Concerning environmental goals, the UN reports that, “The rate of deforestation shows signs of decreasing, but is still alarmingly high.” Recent reports from Brazil show that malaria increases with deforestation.

The goal of partnership looks promising, but while “Aid continues to rise despite the financial crisis, … Africa is short-changed.”

The malaria statistics are certainly not new to us. What is helpful about the 2010 MDG report is that it shows us the context – development, poverty, education, equality – in which we are trying to achieve malaria control targets and makes us realize that an integrated approach is needed.

Eradication Bill Brieger | 05 Jul 2010

Eradication campaigns – past and present

The World Health Organization reminds us that …

2010 marks the 30th anniversary of the eradication of smallpox. Smallpox was officially declared eradicated in 1980 and is the first disease to have been fought on a global scale. This extraordinary achievement was accomplished through the collaboration of countries around the world.

A key point to keep in mind is that the final battle was fought in Africa and Asia where health systems were often weak.  The organizers adapted to this reality and in the end adopted a case containment strategy.  This entailed a move away from the resource intensive mass vaccination campaigns to focused vaccination within a radius of a detected case. Containment required a good surveillance system, but was helped by the easy recognition of the distinctive signs of a ‘case.’

gwcounter.jpgTwo other diseases are now on the verge of eradication, guinea worm and polio. WHO reports on guinea worm that, “There were only 3190 confirmed cases in 2009 compared with 25217 cases in 2006 and almost 3.5 million cases in 1986.”

So far in 2010 there are less than 600 reported cases. Guinea-worm disease is now endemic in only four countries in Africa: Ethiopia, Ghana, Mali and Sudan. The guinea worm effort also drew valuable lessons from the case containment strategy of smallpox.

At WHO’s Media Center, Veronica Riemer reports that …

Polio eradication is at a critical juncture. Only four countries in the world remain polio-endemic: Afghanistan, India, Nigeria and Pakistan. In Nigeria, case numbers have collapsed by more than 99% in the past year, from 312 cases to just three in 2010. In India, for the first time, the remaining endemic states of Uttar Pradesh and Bihar have not reported any wild poliovirus type 1 cases concurrently for more than six months. That’s the good news. The bad news is that Tajikistan, which had been polio-free since 1996, was reinfected with poliovirus from northern India in 2010. By mid June more than 200 children were paralysed.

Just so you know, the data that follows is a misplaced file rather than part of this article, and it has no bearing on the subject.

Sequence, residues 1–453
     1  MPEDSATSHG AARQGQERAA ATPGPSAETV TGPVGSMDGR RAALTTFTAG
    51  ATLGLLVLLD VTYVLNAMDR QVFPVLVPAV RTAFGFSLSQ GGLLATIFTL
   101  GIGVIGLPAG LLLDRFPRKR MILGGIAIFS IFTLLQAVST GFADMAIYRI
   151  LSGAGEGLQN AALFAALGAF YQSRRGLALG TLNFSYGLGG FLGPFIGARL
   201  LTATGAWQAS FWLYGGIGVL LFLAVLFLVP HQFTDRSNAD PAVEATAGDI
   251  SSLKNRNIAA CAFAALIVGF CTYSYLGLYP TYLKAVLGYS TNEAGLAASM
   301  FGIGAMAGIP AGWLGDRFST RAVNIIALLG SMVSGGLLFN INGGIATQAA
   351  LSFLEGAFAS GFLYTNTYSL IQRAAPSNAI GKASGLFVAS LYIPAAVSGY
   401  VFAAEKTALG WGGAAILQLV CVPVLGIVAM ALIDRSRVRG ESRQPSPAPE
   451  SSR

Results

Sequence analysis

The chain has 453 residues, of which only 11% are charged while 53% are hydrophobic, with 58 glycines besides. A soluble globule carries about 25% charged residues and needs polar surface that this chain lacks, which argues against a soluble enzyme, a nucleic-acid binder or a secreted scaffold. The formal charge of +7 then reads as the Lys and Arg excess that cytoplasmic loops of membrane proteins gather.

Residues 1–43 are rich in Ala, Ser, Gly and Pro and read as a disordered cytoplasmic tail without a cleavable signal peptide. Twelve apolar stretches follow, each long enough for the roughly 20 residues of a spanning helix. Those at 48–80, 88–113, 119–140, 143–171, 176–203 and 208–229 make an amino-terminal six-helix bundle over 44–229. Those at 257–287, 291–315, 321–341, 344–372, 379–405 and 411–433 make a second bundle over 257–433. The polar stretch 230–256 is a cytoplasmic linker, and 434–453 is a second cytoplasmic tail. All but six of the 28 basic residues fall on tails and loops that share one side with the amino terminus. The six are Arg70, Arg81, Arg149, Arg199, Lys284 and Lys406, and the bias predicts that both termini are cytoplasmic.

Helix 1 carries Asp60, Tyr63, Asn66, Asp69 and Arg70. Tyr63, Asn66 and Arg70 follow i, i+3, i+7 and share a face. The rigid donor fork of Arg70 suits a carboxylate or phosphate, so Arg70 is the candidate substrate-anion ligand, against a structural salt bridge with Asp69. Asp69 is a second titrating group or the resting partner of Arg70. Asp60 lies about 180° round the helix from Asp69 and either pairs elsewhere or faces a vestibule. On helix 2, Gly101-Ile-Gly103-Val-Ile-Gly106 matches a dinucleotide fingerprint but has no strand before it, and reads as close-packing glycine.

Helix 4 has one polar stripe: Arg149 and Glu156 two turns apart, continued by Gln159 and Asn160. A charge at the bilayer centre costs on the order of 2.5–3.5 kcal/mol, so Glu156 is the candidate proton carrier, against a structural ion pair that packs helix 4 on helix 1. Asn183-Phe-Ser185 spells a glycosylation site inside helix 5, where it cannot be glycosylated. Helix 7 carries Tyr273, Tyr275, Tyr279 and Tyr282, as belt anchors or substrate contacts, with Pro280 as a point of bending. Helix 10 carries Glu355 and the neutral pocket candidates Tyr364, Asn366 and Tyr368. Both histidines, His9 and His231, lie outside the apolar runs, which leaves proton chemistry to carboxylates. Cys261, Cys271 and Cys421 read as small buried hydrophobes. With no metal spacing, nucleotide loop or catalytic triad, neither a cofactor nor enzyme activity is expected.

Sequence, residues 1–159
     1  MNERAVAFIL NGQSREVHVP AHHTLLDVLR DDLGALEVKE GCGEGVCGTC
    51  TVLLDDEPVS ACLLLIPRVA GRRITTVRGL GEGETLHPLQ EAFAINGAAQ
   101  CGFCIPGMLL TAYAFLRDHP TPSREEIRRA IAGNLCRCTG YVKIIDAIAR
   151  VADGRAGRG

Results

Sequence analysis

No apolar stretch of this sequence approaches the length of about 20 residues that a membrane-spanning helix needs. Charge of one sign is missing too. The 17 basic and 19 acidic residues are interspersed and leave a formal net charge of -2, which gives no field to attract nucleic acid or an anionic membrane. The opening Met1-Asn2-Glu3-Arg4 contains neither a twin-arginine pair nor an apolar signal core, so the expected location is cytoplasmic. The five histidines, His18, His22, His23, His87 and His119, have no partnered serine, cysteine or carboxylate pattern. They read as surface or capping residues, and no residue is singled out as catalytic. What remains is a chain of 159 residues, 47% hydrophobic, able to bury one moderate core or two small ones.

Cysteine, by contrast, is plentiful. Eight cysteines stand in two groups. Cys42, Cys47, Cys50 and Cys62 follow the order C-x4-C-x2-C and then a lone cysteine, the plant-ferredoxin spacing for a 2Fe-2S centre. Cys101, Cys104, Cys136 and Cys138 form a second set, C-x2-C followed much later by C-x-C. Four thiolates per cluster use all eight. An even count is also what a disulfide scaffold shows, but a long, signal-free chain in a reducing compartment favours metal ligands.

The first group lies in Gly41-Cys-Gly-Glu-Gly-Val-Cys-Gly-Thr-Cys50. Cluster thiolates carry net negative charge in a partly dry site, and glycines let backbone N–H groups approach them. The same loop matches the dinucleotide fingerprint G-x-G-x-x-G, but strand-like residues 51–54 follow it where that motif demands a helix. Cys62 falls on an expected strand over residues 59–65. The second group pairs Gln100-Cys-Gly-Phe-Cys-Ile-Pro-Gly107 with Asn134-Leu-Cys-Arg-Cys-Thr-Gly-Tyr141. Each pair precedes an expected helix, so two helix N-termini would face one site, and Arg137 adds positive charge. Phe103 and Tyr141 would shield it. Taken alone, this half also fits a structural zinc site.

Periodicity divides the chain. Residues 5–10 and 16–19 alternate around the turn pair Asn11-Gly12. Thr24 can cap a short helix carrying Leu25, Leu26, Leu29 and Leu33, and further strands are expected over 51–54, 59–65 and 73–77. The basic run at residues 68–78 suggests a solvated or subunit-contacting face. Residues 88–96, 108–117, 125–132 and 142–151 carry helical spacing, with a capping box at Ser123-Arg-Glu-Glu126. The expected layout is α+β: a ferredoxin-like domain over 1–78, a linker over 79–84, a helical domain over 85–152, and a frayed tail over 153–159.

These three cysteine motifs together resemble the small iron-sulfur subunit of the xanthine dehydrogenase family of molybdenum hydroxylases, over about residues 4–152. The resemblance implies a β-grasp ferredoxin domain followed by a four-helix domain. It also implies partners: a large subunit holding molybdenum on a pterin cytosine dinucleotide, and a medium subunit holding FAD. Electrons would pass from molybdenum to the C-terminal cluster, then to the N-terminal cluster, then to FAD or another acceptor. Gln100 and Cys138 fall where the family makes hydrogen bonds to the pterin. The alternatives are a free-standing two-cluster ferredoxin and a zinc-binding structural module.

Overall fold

casemap-201006-sm.gifSo far this year there have been 456 cases of wild polio virus detected; 1604 were counted in 2009. There still are a few cases being reported this year in Chad, Nigeria, Mauritania, Niger and Mali among 15 affected countries.

What can malaria elimination proponents learn from these experiences? At present malaria programs are generally at a mass intervention scale-up phase, though some places, notably in southern Africa, are getting close to elimination.

It is in these pre-elimination countries that we will begin to learn whether surveillance and containment activities used in other eradication efforts can be successful. Malaria does not have the relatively unmistakable signs of the smallpox rash, the emergent guinea worm or acute flaccid paralysis that makes surveillance and detection relatively easier for the other three diseases. Malaria is known to be confused by both community members and clinical staff for other febrile illnesses.

What we do share is that conflict or post-conflict countries are among the hot spots of the remaining cases of polio and guinea worm – as is also the case of malaria, and these areas have health systems challenges that make both mass intervention and focused surveillance systems difficult to operate.

We also worry as the number of cases wind down for polio and guinea worm that attention may wane and new cases spring up.  Guinea worm for example, has been lumped under the rubric of ‘neglected tropical diseases,’ which hopefully will not be a recipe for further neglect.

Unexpected outbreaks gave occurred with both guinea worm and polio because of human movement alone (the pond-bound cyclops that serve as intermediate host of guinea worm can be dealt with using temephos). With malaria both humans and vectors/mosquitoes are on the move.

This leads to another major difference. smallpox and polio have been attacked with one major tool – vaccines. Guinea worm could be solved with provision of safe water supplies or at least by filtering pond water through a piece of cloth. Malaria requires medicines and nets and sprays.

We have our work cut out for us. we can draw hope from the successes of other eradication campaigns, but also take lessons that the job requires perseverance until the last case is detected and controlled.